Adoption is hard. Sometimes it means repeating the same directive hundreds of times, day after day, for years on end and realizing that complying may always be out of your child’s reach due to the alcohol poisoning they suffered in utero.

Other times it means waking up a dozen times during the night to comfort a tiny person who is living her worst nightmare, surrounded by unfamiliar sights, sounds, smells and people. For many it means sitting for days and weeks on end in a hospital room while medical professionals work to correct a physical issue that threatens the very life of this child you’ve grown to love.

Adoption is expensive. It is utter madness that we live in a world where you can take the life of a child for a tiny fraction of what it requires to save the life of the same child. Having walked the adoption path twice, I will tell you that every penny is worth it, and that (at least in my experience) every dollar went to pay for services rendered with the utmost care and dedication. No one, at least in Hague countries with proper oversight, is getting rich in the process. But people’s time and expertise, plane tickets, attorney’s fees, orphanage donations, hotel costs and other things add up fast.

As I mentioned in the beginning, adoption is a lot like anything else you will do in life that is worth your time. Marriage takes commitment. Parenting takes work. Making a difference in the world takes sacrifice. Most among us do these things every day without thinking twice. So don’t let the challenges deter you.

I am asking you to consider all of this for two reasons. First of all, I don’t ever want you to say “adoption – not abortion” again without understanding the reality behind those three words. (Don’t stop saying it. It is absolutely true. Just realize that there is more to the picture than most of us ever sees.)

littlelittles4reSecondly, I very much hope that you will look at the realities of adoption and do one of three things: adopt, reach out to help a family who has adopted, or be in serious and fervent prayer for families who are releasing children for adoption, or making a child their own through adoption.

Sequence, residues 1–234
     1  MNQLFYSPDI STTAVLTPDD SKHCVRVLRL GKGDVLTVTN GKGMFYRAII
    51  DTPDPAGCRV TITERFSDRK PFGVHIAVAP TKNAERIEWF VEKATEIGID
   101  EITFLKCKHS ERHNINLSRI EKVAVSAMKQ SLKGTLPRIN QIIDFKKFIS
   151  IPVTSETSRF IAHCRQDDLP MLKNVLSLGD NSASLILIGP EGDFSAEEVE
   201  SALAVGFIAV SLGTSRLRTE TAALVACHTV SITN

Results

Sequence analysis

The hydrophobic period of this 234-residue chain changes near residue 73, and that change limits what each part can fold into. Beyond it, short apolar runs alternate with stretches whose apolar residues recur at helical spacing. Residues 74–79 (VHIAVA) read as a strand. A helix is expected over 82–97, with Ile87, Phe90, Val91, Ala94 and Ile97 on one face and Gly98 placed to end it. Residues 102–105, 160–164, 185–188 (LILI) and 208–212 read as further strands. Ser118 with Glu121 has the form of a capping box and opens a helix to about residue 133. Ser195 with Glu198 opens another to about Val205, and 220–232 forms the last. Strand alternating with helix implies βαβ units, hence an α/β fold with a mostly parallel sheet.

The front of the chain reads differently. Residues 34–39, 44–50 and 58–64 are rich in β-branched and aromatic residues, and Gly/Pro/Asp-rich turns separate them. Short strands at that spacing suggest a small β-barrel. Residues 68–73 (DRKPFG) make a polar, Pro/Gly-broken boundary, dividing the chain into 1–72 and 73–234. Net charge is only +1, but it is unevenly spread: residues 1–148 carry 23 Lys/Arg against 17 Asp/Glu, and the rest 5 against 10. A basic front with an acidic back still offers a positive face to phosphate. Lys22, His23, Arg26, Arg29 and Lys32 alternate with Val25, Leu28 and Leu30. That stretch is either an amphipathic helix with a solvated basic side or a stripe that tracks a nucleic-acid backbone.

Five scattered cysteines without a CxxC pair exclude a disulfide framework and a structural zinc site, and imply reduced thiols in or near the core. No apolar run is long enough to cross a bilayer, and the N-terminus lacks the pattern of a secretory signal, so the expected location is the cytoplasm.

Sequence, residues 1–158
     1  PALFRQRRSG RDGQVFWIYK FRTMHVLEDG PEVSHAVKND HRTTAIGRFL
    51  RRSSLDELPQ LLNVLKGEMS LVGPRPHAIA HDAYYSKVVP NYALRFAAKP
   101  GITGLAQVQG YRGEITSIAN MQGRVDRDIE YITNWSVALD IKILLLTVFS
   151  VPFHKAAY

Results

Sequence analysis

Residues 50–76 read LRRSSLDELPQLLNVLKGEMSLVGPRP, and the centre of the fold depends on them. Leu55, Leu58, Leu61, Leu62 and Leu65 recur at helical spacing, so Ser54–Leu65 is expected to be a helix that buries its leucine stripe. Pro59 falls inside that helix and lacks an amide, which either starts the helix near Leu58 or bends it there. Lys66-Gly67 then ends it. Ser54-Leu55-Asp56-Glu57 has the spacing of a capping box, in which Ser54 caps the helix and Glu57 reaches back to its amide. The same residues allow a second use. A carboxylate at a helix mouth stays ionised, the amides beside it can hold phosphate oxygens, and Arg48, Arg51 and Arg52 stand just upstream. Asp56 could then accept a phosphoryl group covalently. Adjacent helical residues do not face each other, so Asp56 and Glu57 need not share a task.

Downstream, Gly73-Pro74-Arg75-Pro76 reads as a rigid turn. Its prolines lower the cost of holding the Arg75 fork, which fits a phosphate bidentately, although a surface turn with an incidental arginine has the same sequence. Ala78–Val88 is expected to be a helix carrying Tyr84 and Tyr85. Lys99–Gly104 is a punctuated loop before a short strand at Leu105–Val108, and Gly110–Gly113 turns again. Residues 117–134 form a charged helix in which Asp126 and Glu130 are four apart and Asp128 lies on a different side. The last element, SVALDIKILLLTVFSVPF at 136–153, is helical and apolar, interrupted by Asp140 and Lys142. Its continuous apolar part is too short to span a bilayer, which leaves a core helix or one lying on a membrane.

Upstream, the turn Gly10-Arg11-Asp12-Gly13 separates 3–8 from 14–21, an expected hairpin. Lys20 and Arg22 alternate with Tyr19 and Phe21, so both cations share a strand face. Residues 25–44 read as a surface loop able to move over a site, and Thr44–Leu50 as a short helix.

Our Movement is comprised of amazing people with vast resources. Some have money to give, others give of their time and talents, while still others support in other ways. Together we are an amazing force. On this last day of National Adoption Month for 2016, as we move into one of the most celebrated seasons in our culture, I’m asking you – ALL of you – to find a way you can make the adoption equation easier for someone.

If you know of a family who is fundraising to adopt, contribute – as much as you can. If you know of a family who has adopted, please find a way to help. Offer to bring a meal in the early days. Stay in touch as they’ve had their child home for a longer time. Offer to babysit so the parents can get some much-needed time to breathe. Pray that their family would thrive.

And you. If you’ve ever considered adoption, please – ADOPT. I don’t have words to explain what it means, so I will just leave you with this.

It may seem a paradox but it is not: Adoption is the hardest thing you will ever do but it will bring you more joy than you can imagine.

Adoption will reveal things in you that you didn’t realize were there. It will stretch you. It will try you.

But, and please hear this from the deepest places of my heart, it will change you in the best way possible. Adoption filled my home and my heart with two little girls, each of whom faces her own struggles in life.

Separately we are broken and imperfect people. Together we are a family – one that, like yours, still has flaws – but one that loves just as deeply as any created by biology.